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March 28, 1986 - Image 90

Resource type:
Text
Publication:
The Detroit Jewish News, 1986-03-28

Disclaimer: Computer generated plain text may have errors. Read more about this.

;••

90

Friday, March 28, 1986

THE DETROIT JEWISH NEWS

COOKING

LEAPIN LIZARDS

We almost forgot to subscribe
to the Jewish News, Mom!

Cut Fats From Foods

BY GLORIA KAUFER GREENE
Special to The Jewish News

Statistics have shown that the
food we consume not only affects
our weight, but may well influ-
ence our general health and our
chances of suffering from dread
diseases.
A "food" that is particularly
high on the "bad" list is fat. Excess
fat intake has been implicated as
a possible cause of certain types of
cancer.
This relationship exists even if
the fat is unsaturated, so that
substituting large amounts of
polyunsaturated oil or margarine
for butter is not a realistic solu-
tion (though many cookbooks
preach this philosophy). However,
there are some easy ways to mod-
ify cooking techniques so that less
total fat is consumed.

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Tips to Cut Down on Fat
(and Calories)
Increase the proportion of chic-
ken (see next tip), turkey and fish
in the diet, and cut down on red
meat (which generally contains
more fat). (Certain kinds of fish
contain more fat than other fish;
but this fat has been shown to be
beneficial and is thus not a prob-
lem.)
Avoid highly-marbled red
meat.
Always remove the skin and
surface fat from chicken pieces be-
fore cooking. The leanest part of a
chicken . is the breast. The
drumstick is also very lean.
Extend ground beef with such
healthful, nonfat fillers as finely
chopped or grated raw vegetables
and rolled oats. Another very use-
ful extender is textured vegetable
protein or "TVP," as it is usually
known. Made from soybeans, it
sometimes has names such as
"soyburger." TVP is pareve and
very high in protein, but contains
little or no fat.
The amount of fat used for
sauteing can often be reduced,
particularly if a nonstick skillet is
used. If the food begins to stick,
add a small amount of water or
broth to the skillet, and cook until
most of it has evaporated. By that
time, the ingredients should be
tender. A small amount of a
flavorful fat such as olive oil or
real butter will add more taste to
dishes than. larger amounts of
bland fats. In some recipes, such
as those where onions are sauteed
in fat to begin a skillet dinner, all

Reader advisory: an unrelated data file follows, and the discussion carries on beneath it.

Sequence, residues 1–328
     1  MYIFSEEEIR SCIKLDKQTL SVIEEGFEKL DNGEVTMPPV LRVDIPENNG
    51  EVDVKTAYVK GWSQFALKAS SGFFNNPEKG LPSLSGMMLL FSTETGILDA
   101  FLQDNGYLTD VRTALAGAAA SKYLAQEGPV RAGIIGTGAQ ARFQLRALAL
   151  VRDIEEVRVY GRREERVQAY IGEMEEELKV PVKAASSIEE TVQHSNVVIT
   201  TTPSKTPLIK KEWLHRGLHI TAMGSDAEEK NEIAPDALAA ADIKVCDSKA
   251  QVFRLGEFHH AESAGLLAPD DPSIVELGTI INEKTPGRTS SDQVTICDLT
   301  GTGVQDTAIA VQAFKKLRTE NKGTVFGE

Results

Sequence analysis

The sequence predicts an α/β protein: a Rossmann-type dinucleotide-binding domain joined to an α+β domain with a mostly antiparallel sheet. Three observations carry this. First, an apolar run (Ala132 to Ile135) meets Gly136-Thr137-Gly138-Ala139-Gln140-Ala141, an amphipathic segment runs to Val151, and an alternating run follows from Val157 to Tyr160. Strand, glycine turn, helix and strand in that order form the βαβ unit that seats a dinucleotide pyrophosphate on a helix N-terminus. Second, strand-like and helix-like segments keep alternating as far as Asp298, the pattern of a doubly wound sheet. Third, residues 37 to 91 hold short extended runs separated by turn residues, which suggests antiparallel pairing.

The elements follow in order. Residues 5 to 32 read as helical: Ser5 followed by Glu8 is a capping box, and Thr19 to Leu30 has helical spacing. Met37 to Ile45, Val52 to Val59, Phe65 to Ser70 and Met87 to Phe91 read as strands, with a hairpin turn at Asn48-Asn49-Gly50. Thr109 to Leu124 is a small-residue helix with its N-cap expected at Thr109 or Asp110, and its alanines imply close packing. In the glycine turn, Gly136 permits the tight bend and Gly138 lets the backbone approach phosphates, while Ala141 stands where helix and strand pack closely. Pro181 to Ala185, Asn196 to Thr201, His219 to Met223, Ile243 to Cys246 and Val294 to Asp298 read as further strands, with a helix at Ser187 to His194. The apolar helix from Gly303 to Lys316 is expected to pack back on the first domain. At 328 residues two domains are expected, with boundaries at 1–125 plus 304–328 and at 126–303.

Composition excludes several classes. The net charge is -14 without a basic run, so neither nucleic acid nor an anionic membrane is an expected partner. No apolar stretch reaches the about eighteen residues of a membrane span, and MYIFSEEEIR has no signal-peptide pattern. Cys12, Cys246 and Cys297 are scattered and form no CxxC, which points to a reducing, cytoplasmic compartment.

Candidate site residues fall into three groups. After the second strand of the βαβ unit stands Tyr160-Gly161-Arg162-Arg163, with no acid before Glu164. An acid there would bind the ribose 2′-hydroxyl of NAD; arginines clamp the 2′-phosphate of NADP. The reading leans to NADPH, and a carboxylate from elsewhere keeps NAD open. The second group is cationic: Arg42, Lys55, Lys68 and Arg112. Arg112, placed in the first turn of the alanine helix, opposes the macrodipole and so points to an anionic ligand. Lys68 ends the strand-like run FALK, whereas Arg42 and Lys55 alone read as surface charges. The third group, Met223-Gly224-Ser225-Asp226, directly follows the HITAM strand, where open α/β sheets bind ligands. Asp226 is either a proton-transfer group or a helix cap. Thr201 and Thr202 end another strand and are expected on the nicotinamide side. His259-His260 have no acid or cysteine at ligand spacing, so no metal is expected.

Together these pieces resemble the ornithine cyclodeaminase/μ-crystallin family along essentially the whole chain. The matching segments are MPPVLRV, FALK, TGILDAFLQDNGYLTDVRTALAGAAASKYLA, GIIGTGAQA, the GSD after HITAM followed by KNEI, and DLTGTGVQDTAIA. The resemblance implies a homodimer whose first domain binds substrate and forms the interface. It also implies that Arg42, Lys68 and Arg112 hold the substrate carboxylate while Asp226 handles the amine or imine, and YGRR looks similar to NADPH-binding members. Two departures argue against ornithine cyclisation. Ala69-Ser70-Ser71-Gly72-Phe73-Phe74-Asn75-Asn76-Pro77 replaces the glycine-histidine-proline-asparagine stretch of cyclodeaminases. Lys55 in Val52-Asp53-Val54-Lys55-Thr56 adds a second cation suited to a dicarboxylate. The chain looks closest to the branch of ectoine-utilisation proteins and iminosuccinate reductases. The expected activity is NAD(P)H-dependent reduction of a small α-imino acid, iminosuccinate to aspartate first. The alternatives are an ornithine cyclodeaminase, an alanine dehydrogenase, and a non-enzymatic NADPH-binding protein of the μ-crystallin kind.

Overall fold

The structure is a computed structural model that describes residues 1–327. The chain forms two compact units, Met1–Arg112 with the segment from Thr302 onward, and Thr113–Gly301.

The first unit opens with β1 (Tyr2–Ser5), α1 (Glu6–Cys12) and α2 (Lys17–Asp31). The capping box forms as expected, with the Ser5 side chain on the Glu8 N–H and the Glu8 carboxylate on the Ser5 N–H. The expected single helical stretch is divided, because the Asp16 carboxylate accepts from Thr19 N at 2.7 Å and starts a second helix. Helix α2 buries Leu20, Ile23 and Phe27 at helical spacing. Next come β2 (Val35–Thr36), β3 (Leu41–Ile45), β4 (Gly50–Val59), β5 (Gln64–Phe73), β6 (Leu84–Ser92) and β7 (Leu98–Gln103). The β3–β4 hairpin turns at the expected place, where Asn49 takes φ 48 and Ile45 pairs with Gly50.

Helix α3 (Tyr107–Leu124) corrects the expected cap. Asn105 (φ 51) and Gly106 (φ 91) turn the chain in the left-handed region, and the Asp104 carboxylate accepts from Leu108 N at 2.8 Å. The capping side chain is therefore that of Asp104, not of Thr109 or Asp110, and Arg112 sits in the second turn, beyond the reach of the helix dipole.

the fat can be replaced with about
V4 cup bouillon or broth, and the
onions simmered instead.
Emphasize lowfat and nonfat

dairy products. Most ripened
(hard and semi-soft) cheeses and
cream cheese are very high in fat,
and may even be higher than an
equivalent weight of lean beef.
Cultured buttermilk is a rich-
tasting product that is actually
made from skim milk. Use but-
termilk and lowfat yogurt in
baked goods instead of sour
cream: Use evaporated skimmed
milk in coffee instead of cream.
In baked goods and other re-
cipes (such as meatloaf), substi-
tute two egg whites for one of the
whole eggs. Virtually all the fat of
an egg is in the yolk.
When preparing salad dres-
sings, cut way down on the oil and
increase the vinegar or add water
or broth. For dairy meals, use but-
termilk and/or plain yogurt to
make very lowfat dressings. Add a
bit of vinegar, some herbs and
seasonings to taste.
In many recipes, plain cocoa
may be substituted for melted
block chocolate, which is much
higher in fat. Carob powder is
even lower in fat than cocoa.
Substitute whipped evaporated
skim milk for whipped cream as a
dessert topping. If the evaporated
milk is very cold, it can be beaten
to triple volume.
For sandwiches and meat or
tuna salads, use '"imitation"
mayonnaise and similar salad
dressings that are imitations only
because they do not contain as
much fat as is required for the
standard product.
Grease baking pans with
nonstick vegetable sprays made
from lecithin, a soybean deriva-
tive.
When buying canned fish such
as tuna and sardines, look for
those packed in water or non-oil
sauces.
SWISS STEAK
WITH VEGETABLES
1 pound lean cube steaks (4
cube steaks)
cup beef boUillon made from
a cube or powder
1 medium-sized onion, thinly
sliced
1/2 to 1 tsp. dried thyme leaves
'hi tsp. ground black pepper
1 tsp. prepared mustard
1/2 cup plain tomato sauce
2 medium-sized carrots, cut
into 2- by 1/2-inch sticks
2 celery stalks, cut into 2- by
1/2-inch sticks
c l cup sliced fresh mushrooms
To serve:
Prepare 2 cups hot, cooked

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